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Improving dietary diversity for women and children flipchart

A facilitators’ aid for conducting social behaviour change communication sessions








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    Book (stand-alone)
    Improving dietary diversity for women and children
    Participants’ handbook for improved nutrition practices
    2022
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    This handbook is developed to improve the dietary diversity of women (especially during pregnancy and breastfeeding) and children up to the age of two years. It contains practical guidance covering the aspects of production, collection, marketing, storage, processing, preparation, and consumption of diverse foods. Eating a variety of foods in appropriate quantities daily is a key to a healthy diet for everyone. It also encourages the family members to read the handbook and apply the suggested actions for improving the dietary diversity of the family, especially that of women and children.
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    Book (stand-alone)
    Livestock programming for nutritional improvements in children under five years of age and pregnant and lactating mothers
    Baseline report
    2022
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    The Livestock for Health (L4H) project is a collaborative effort between the Food and Agriculture Organization of the United Nations (FAO), United Nations Children’s Fund (UNICEF), the Marsabit County Government, the National Government of Kenya, the National Drought Management Authority (NDMA) and Washington State University (WSU). The project was made possible through the support provided by the Office of Technical and Program Quality, Bureau for Humanitarian Assistance, United States Agency for International Development (USAID), to determine the cost-effectiveness of livestock feeding interventions and nutritional counselling in reducing the risk of malnutrition among children and women in pastoral communities during the critical dry periods. The project was designed as a cluster randomized control trial with two intervention arms and one control group. Households in Intervention Arm 1 receive livestock feeds sufficient to maintain two tropical livestock units (TLUs) for 90 days during critical dry periods or drought and 7–14 days into the rain season. Households in Intervention Arm 2 receive similar livestock feeds and regular nutritional counselling carried out by trained community healthcare workers. Households in Arm 3 are the control group and do not receive any of the two interventions during the study period. The results from this baseline survey will be essential for comparing with other data which will be collected during the routine household data collection visits (six week follow-up and quarterly household visits) for monitoring trends in household milk yield, milk consumption (amount and frequency) and nutritional status across the intervention and control arms of the study over the study period. At baseline, both the intervention and control arms were comparable in household demographics, socio-economic characteristics, household livestock ownership, milk production and consumption, and maternal and child nutritional status and health. Additionally, the high prevalence of malnutrition in this study population and the data on health and intervention costs which will be collected in this study will allow for a cost-effectiveness analysis to determine if livestock feeding interventions and nutritional counselling are cost-effective in reducing the risk of malnutrition among children and women in pastoral communities during the critical dry periods.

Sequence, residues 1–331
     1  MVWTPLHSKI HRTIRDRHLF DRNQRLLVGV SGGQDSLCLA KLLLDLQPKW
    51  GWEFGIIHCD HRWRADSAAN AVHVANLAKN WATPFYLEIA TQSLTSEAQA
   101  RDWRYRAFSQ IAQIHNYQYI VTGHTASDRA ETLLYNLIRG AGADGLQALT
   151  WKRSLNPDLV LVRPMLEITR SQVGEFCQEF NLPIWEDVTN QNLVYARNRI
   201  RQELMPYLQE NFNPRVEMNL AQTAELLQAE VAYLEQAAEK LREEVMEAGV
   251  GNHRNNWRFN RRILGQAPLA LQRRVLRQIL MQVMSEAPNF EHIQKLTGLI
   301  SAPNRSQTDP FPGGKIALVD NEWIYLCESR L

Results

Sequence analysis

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    Brochure, flyer, fact-sheet
    Integrating Minimum Dietary Diversity for Women (MDD-W) into multitopic surveys
    Simple dietary data for better nutrition
    2024
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    Poor diets are a leading cause of death and disease, yet a chronic lack of dietary data jeopardizes effective, evidence-based actions on nutrition. The Minimum Dietary Diversity for Women (MDD-W) indicator is a simple, food group-based indicator that can be integrated into existing large-scale surveys with relative ease, enabling the collection of valuable data on dietary diversity. This can in turn inform policies and interventions to improve nutrition in low- and middle-income countries. As a low-cost, easy-to-collect and easy-to-interpret indicator, MDD-W has already been successfully integrated into several large-scale surveys, including the Demographic and Health Surveys (DHS) Program of the United States Agency for International Development (USAID), and the Gallup© World Poll. Including MDD-W in more multitopic surveys will strengthen the global knowledge base on diets, and help countries monitor and achieve their nutrition goals.

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